The deficit is back. Like an aging coquette, it appears and disappears around corners, smiling fetchingly at us: Here today, gone tomorrow, back again the next day.
It appears that the skeletons came out of the closet a few days after Governor Dannel Malloy, the seven members of Connecticut’s all Democratic U.S. Congressional Delegation, members of the all-Democratic State Constitutional Offices and Democrat legislators who dominate the General Assembly were returned to office. Faced with an “unexpected” state deficit, Ben Barnes, the Head of Governor Malloy's Office of Policy Management, said that Connecticut should perhaps expect chronic deficits in the future, a thunderclap that caught the notice of some papers.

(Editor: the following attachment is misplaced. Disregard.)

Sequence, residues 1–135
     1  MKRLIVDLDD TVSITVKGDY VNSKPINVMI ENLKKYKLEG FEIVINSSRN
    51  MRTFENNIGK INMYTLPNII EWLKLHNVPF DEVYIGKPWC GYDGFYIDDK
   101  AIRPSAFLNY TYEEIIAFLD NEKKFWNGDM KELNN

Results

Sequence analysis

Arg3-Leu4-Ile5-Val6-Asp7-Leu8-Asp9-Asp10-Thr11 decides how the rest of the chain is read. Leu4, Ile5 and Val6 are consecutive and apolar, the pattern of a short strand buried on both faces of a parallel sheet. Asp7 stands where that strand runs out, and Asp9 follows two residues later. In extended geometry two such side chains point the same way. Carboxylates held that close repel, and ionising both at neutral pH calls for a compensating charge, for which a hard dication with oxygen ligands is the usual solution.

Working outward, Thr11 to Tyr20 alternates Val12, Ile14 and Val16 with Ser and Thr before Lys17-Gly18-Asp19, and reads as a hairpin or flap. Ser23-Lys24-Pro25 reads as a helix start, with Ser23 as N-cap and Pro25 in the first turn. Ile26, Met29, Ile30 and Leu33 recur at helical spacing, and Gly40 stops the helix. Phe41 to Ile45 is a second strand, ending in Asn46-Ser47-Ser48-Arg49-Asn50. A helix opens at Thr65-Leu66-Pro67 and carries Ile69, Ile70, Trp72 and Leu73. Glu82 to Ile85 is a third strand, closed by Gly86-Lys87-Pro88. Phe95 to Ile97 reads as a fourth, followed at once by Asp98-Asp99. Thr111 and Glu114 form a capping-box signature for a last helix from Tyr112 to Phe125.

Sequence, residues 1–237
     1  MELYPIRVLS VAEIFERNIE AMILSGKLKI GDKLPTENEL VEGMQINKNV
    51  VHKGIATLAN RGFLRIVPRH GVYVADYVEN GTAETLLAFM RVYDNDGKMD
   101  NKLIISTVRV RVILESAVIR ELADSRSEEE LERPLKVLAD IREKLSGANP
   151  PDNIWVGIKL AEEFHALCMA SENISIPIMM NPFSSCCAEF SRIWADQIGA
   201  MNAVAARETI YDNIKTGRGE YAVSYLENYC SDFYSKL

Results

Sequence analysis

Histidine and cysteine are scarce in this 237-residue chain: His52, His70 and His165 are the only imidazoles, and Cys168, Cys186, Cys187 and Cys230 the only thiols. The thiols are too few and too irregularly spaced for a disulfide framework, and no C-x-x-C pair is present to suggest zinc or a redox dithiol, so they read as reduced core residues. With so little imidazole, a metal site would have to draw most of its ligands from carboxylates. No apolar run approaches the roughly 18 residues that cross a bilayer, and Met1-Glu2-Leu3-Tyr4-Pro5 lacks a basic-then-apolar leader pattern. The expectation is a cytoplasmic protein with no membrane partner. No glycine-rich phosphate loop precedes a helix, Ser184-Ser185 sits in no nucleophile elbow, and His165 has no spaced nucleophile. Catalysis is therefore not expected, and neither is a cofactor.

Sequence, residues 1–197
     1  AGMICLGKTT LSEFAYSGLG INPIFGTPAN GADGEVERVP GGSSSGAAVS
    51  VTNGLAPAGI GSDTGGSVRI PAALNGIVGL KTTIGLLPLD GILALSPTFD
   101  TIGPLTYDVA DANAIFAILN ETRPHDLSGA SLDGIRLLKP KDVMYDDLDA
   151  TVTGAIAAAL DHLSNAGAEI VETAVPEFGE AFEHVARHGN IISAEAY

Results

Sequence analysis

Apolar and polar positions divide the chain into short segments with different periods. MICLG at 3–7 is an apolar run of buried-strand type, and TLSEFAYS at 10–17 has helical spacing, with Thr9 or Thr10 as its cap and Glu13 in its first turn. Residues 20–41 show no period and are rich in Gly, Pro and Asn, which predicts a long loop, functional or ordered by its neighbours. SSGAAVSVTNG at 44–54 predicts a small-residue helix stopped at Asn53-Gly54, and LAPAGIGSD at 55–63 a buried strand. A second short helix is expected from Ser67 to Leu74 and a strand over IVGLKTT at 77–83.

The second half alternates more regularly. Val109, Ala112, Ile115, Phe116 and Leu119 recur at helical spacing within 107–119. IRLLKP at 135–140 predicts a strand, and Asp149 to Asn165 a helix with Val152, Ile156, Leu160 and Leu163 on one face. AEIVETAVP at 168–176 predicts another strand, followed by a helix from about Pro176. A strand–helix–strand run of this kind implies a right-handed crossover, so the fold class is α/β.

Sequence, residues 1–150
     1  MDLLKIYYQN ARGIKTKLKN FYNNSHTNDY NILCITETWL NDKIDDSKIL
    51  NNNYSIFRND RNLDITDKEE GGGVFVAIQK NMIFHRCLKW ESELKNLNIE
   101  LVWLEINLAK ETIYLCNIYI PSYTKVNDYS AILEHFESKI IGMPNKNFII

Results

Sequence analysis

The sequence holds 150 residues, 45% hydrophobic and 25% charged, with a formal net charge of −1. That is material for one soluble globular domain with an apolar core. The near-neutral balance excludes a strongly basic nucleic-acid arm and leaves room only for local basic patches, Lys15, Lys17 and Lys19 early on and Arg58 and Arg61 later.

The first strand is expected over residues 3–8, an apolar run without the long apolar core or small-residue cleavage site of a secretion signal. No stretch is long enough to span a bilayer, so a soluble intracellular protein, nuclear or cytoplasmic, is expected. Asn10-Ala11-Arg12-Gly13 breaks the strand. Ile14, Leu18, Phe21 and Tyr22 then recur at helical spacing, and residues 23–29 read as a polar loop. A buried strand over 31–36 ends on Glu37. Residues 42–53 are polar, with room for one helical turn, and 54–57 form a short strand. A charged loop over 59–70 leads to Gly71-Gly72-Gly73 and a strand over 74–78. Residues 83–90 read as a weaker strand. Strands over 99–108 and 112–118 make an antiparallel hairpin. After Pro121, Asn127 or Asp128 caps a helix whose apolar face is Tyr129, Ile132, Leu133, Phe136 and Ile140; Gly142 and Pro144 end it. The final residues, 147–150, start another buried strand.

Mr. Barnes may have been mistaken by some, if only for a moment, for Jonathan Gruber, an MIT Don dripping with ivy and one of the architects of President Barack Obama’s Health Care initiative. Mr. Gruber is on record as having said in various venues that Obamacare was intentionally deceiving -- necessarily so because most Americans, who are far less bright than MIT professors, would have rejected Obamacare had its architects been more honest than either Gruber or Obama.